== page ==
Sixty60 Journey

Hike to Heal; Hike to Health

Mt. Woodson

(A hike in early March 2016 to Mount Woodson in Ramona, pictured above, left me concerned for my life. I made it to the top, smiling only after an OMG recovery period!)

This journey began with the simplest of intentions. Hike my way to my 60th birthday. No grander plan that that. Sixty hikes to sixty years. I didn’t want to just show up in April 2017 for another landmark birthday without taking stock of my life. And let me be honest, I took two hikes in March where I thought I was going to have a heart attack and those were wake-up calls!

What I didn’t expect, and you can read about more of them under the heading of what I call the ‘Unintended Consequences’ of hiking, was the final stage of healing from a long period of grieving the death of a young man who was like a son to me — Jeff. He died on April 1, 2012 and rocked my/our world. I learned to tell where I was in the process each year when either the date of his death rolled around or his birthday. If you have ever lost anyone, I’m sure you can relate.

By August 2016 I was unexpectedly honing in on my original goal of sixty hikes, with this journey virtually taking over my life, in a good way. When Jeff’s birthday arrived I could feel a change, a shift in my spirit. The daunting sadness that previously had shrouded my being had finally, it seems, left the house! The final phase of acceptance had arrived and I was filled with joy and remembrance of our Jeff. It’s not that I won’t forever continue to miss him, but the feelings associated with that loss, that missing had turned over a new leaf of joyful appreciation for the time we had with him. A healing had happened and I’m quite sure it evolved through my foot-to-earth connection through hiking. One of my many ‘Unintended Consequences’ of the Sixty60 Journey. Take a hike! Hike to heal, hike to health. It works…I’m living proof.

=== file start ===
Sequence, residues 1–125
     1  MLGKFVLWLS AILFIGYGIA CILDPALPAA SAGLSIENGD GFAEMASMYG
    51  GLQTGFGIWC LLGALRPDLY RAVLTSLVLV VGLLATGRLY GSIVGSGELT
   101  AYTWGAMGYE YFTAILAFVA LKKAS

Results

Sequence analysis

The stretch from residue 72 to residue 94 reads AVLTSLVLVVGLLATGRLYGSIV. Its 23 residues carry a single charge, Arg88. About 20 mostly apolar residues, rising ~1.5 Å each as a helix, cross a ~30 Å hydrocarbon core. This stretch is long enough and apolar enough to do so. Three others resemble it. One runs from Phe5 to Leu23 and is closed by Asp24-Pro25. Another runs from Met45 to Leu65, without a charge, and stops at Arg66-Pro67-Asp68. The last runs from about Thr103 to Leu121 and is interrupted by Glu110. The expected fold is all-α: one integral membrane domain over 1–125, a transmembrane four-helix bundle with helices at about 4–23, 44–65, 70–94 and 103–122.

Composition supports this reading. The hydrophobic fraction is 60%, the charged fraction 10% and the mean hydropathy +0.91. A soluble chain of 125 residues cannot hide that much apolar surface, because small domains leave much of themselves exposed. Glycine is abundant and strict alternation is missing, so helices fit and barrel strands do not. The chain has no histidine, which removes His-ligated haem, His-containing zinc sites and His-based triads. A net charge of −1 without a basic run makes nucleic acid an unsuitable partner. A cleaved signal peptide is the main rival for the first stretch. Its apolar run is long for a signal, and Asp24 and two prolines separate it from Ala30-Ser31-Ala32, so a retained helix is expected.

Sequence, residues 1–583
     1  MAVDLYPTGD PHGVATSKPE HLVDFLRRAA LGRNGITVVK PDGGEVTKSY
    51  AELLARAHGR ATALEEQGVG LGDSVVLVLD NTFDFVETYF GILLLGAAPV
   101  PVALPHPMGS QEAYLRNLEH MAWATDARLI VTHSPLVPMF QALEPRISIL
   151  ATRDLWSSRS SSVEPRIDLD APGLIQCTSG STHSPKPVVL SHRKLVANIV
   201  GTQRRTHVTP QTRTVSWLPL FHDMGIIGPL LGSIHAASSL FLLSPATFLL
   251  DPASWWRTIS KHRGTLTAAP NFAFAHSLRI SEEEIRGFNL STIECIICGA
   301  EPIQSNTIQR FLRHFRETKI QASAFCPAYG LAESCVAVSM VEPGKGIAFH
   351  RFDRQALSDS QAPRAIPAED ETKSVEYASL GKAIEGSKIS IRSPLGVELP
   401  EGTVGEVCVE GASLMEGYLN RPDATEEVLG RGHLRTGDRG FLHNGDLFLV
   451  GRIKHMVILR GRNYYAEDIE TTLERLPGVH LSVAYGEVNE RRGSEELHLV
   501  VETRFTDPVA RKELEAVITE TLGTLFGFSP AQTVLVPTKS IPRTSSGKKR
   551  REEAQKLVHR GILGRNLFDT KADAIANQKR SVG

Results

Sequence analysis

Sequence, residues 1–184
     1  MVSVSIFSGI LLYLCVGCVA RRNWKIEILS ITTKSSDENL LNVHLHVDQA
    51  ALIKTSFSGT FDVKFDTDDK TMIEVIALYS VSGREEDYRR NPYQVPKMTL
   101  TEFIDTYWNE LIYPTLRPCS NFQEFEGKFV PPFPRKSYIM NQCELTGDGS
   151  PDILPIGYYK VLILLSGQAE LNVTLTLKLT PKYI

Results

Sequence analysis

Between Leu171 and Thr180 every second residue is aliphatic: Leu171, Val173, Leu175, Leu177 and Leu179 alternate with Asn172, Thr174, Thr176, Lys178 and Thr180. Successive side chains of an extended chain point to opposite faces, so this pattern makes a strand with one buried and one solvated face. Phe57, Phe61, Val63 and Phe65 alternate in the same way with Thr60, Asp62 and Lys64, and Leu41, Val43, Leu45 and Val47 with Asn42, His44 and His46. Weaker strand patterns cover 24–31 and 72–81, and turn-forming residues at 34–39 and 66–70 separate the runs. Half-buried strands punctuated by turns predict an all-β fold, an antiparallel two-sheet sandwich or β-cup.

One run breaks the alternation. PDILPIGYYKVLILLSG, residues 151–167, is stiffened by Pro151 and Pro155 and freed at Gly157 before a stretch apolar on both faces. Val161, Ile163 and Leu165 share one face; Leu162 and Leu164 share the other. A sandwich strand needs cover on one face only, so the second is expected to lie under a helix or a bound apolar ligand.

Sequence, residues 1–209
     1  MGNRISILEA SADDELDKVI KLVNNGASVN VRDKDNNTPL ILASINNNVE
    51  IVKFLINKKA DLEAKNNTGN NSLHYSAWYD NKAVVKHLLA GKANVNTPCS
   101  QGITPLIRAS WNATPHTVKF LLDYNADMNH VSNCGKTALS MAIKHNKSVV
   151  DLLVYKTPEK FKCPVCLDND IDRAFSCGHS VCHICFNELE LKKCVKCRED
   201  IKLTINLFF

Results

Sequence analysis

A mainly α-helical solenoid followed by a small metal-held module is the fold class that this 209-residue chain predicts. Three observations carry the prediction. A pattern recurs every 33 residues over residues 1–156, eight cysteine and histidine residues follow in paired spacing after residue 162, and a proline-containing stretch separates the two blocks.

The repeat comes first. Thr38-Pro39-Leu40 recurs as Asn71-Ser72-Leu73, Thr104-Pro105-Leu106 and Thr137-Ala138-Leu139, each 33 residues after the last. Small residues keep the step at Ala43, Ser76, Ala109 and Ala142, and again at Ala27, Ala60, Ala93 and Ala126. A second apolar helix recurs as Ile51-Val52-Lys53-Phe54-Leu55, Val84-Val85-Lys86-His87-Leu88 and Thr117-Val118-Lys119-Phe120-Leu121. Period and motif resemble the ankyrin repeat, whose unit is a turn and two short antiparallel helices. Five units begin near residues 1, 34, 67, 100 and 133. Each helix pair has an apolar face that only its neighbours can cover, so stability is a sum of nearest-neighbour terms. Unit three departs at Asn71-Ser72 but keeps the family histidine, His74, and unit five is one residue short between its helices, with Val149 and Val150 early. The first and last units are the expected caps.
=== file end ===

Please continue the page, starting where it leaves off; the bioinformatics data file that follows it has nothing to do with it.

Note: A Stanford study supports hiking as a prescription for mental health issues. While grieving is not called out specifically, I’m going to go out on a limb here and say, it is a way to get through the stages of grief, amongst all of the other health and mental benefits.

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